Just how much are they plugged into the imperial way of life, how fat are they getting on its rich-pickings? How caught up in its buying and selling are they? Will they weep with the monarchs, merchants and mariners as they watch the city fall or will they rejoice with heaven that the enemy of the Lamb and persecutor of his people has had its come-uppance?

Couldn't help wondering what John would have made of the credit crunch, the collapse of Lehman Brothers bank and the market melt-down that followed... Of course, that was just a blip, a hiccough compared to what he describes in Revelation 18, but...

Wednesday, November 11, 2009

Clearing the decks

Well, I've had a great to getting to grips with Revelation 18 in the context of 15-19. It's not what I'm meant to be writing this week but the decks are now cleared to write world of the first Christians stuff tomorrow - yippee!!

It'll be interesting to see what people make of tonight's helping of the Apocalypse. We're focusing on John's critique of the economic power of Rome in chapter 18. And it's very relevant to the times we live in. Not for the usual escapist reasons but because John asks searching questions of where the loyalties of those who claim to follow the Lamb really lie.

I have really enjoyed getting this occasional series on the Apocalypse. I am going to see whether there's a book in the debris once it's all been delivered. I'm not sure I have anything original to say but I think a mid-level overview that brings the insights of Bauckham, Koester, Da Silva et al to the ordinary Christians who've suffered from a diet of Lindsay, LaHaye and the like for too long might find a market.

I've also discovered that I bought ten CDs this year that came out this year! So i shall be compiling my festive top ten over the next couple of weeks (I know you can hardly contain your excitement!)

Monday, November 09, 2009

the best laid plans...

Well, it's been a good day - and I haven't yet done any thing that I was planning to do this morning! Clearing the decks takes so long....

I'd forgotten that it's the next installment of the Apocalypse this Wednesday, so I need to do some preparation for that. it's been a blast doing it - though I'm not sure what it's added to sum of human happiness and well-being.

So, I've recast my week to take account of it.

I've been reflecting on what James says about making plans in 4:13-5:6 - in preparation for next Sunday afternoon and evening - and it's brought a wry smile to my face. Not that I was planning to make any money today as a result of my planning but, you know what they say, 'if you want to make God laugh, tell him your plans'. I wonder if that's a sentiment James would have endorsed...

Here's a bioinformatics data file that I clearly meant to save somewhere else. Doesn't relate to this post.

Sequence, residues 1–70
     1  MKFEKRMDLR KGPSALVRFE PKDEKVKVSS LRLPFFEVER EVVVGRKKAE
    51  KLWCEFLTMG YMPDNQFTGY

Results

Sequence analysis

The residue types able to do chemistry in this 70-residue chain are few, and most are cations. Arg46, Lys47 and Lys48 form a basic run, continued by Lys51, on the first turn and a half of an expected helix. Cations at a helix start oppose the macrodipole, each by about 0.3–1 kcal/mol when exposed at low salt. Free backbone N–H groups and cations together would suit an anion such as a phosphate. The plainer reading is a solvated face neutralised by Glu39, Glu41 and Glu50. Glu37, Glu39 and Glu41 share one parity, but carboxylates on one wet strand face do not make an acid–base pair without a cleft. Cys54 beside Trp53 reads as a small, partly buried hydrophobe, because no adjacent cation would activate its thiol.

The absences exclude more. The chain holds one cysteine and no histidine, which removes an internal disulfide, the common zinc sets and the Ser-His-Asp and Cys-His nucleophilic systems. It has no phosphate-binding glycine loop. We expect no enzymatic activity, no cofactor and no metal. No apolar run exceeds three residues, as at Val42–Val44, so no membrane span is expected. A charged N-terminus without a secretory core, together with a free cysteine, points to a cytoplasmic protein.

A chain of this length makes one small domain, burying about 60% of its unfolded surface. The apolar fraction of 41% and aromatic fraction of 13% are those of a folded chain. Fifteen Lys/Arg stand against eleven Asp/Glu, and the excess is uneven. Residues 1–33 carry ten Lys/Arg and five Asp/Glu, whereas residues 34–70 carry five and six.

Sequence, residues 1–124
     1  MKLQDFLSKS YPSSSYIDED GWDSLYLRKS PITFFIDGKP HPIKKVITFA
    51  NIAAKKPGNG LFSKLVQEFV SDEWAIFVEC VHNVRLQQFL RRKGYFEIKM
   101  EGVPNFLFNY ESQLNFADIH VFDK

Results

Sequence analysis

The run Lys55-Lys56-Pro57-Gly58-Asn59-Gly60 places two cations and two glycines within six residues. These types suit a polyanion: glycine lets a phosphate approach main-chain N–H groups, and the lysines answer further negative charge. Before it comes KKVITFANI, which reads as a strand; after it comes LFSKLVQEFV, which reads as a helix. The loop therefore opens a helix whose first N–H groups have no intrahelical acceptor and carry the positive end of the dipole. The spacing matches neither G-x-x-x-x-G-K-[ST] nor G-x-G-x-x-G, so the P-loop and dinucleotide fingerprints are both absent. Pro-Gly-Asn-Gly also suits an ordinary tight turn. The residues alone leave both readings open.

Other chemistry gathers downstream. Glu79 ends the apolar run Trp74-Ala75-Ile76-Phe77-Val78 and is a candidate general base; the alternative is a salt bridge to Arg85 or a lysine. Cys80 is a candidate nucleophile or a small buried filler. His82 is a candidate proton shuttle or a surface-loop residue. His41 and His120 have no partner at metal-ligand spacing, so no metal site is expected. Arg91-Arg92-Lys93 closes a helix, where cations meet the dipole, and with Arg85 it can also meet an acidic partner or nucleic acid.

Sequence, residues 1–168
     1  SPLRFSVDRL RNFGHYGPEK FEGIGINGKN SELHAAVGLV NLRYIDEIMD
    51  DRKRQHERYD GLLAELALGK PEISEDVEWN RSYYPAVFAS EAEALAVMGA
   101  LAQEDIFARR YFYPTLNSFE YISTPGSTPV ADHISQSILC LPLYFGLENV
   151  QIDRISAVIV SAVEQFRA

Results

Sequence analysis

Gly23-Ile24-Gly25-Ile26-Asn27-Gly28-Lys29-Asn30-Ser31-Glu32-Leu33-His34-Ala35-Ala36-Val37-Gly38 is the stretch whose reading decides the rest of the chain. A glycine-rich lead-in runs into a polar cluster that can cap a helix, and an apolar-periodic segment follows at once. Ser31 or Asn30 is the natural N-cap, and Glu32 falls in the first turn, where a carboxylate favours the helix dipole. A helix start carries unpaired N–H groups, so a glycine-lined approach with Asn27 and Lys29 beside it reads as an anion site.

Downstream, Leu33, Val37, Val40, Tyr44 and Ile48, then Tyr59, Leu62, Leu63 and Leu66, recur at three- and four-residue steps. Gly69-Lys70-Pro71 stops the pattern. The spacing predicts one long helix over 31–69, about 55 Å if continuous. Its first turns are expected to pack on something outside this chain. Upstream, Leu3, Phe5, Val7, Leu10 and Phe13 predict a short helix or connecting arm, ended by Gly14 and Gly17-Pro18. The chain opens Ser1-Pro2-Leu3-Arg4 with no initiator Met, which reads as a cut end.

Remembrance in a busy week

So, a new week. Life's been pretty full-on over the past few days. This is partly because we took a week off. Now, the principle that works here is that when you take time off all that happens to your work schedule is that the first three days of a week away get crammed into the two days prior to departure, while the final four have to be squeezed in to your first two day's back. Consequently, you end up feeling knackered and in need of a holiday...

So, with Remembrance Sunday and the next installment of James to prepare plus meetings relating to the youth charity I'm a trustee of, my three days back in the hot seat last week were pretty full-on.

I find Remembrance Sunday tricky. For some in the church there are personal memories of distant conflicts - especially the second world war and national service in the 1950s - for others there is a sense of wanting to honour a history that we've only really accessed in school. But for one family in my congregation yesterday, the day was especially significant as their son was deploying to Afghanistan that very morning.

A couple of people spent the summer researching the names that appear on our two war memorials in church and yesterday Janice reported on who these men were. It was fascinating but more than that, it put our remembrance in a very real context: here were men who were our brothers in Christ - Sunday school teachers, bookstall managers, players in our church football team - who'd been lost at the age of our older young people (late teens into twenties).

It made our two minutes silence profoundly moving.

This week, I am mostly writing. I want to get a chapter of my Lion book dispatched to my very patient editor and polish off a draft chapter of my MA. Even as I type these words, I think that sounds ridiculously ambitious... We'll see, I guess!

To keep me company, I have the Fever Ray album, Editors and Moby - all pretty wonderful - which reminds me that I will soon be compiling my festive top ten... Now, I need some coffee, I think.

Tuesday, November 03, 2009

The edited highlights

Just back from a great week in North Devon.

The highlights included discovering some really top notch restaurants in Ilfracombe. The pick of the bunch was 6 St James, a bistro offering superb food in a wonderful relaxed setting. But we didn't have a duff meal anywhere we ate.

We also saw Up - no Lucy, it wasn't on offer in 3D in Ilfracombe - which was great. The depiction of the hero's life with his wife, told from meeting to her death in about 8-10 minutes, was profoundly moving and brilliantly done. And it's a great yarn, well characterised and told.

We got lots of fresh air - in particular walking the headland above Woolacombe Bay - and yesterday, despite the rain, we toured some lovely seaside towns including Appledore and Instow.

Now, it's back to the grindstone - yippee!!!